They will mark the beginning of the next era in astronomy as Webb – the largest telescope ever built – begins to collect scientific data that will help answer questions about the early cosmos and allow astronomers to examine exoplanets in more detail than ever before. . But it took about eight months to navigate, set up, test and evaluate to make sure this most crucial telescope was ready for the first time.
Marcia Rieke, an astronomer at the University of Arizona and a scientist who owns one of Webb’s four cameras, explains what he and his colleagues have been doing to make the telescope work.
What has happened since the launch of the telescope?
Following the successful launch of the James Webb Space Telescope on December 25, 2021, the team embarked on a lengthy process of removing the telescope from its final orbital position, revealing the telescope and – as everything has cooled – aligning the cameras and sensors on the board.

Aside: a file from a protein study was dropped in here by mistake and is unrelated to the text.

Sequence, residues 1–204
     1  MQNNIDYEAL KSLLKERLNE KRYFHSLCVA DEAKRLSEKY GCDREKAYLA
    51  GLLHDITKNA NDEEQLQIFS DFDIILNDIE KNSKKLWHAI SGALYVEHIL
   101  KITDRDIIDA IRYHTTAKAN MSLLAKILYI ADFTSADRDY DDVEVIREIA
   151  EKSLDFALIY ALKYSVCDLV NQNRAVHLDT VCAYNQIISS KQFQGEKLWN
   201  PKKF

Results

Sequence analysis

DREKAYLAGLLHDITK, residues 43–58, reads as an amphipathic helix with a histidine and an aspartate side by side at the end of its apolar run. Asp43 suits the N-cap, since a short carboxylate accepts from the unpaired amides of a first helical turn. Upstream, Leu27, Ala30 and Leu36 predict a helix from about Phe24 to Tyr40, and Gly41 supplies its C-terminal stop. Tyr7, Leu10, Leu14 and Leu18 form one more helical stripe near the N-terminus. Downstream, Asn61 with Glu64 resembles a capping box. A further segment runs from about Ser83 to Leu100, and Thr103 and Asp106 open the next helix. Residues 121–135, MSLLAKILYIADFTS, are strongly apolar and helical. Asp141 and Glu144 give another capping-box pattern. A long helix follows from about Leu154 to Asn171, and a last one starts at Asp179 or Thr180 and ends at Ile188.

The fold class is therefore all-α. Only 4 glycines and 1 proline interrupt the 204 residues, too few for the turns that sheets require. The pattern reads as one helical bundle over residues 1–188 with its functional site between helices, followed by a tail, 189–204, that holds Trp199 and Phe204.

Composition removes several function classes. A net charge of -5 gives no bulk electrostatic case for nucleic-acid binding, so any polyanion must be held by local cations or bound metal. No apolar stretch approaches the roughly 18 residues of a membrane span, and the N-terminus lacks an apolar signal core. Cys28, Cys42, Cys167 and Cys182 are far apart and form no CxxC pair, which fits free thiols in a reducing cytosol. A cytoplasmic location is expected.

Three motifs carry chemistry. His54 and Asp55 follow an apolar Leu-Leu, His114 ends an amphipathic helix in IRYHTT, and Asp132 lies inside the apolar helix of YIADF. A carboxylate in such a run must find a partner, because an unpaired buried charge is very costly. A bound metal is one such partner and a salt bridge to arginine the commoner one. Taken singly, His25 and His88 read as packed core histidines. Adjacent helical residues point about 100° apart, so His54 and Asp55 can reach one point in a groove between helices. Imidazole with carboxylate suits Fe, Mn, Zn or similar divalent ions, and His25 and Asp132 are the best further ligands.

The launch went smoothly as the rocket launch could go on. One of the first things my colleagues at NASA noticed was that the telescope had more fuel on board than was predicted to make future changes in its orbit. This will allow Webb to operate longer than its original 10-year mission goal.
The first task during Webb’s month-long journey to its final destination on the track was to unveil the telescope. This went on without a hitch, starting with releasing a white-knuckle sun shield that helps to cool the telescope, followed by the arrangement of the mirrors and the lighting sensor.
Once the sun protection was opened, our team began monitoring the temperature of four cameras and board spectrometers, expecting them to reach low enough temperatures to start exploring each of the 17 operating devices.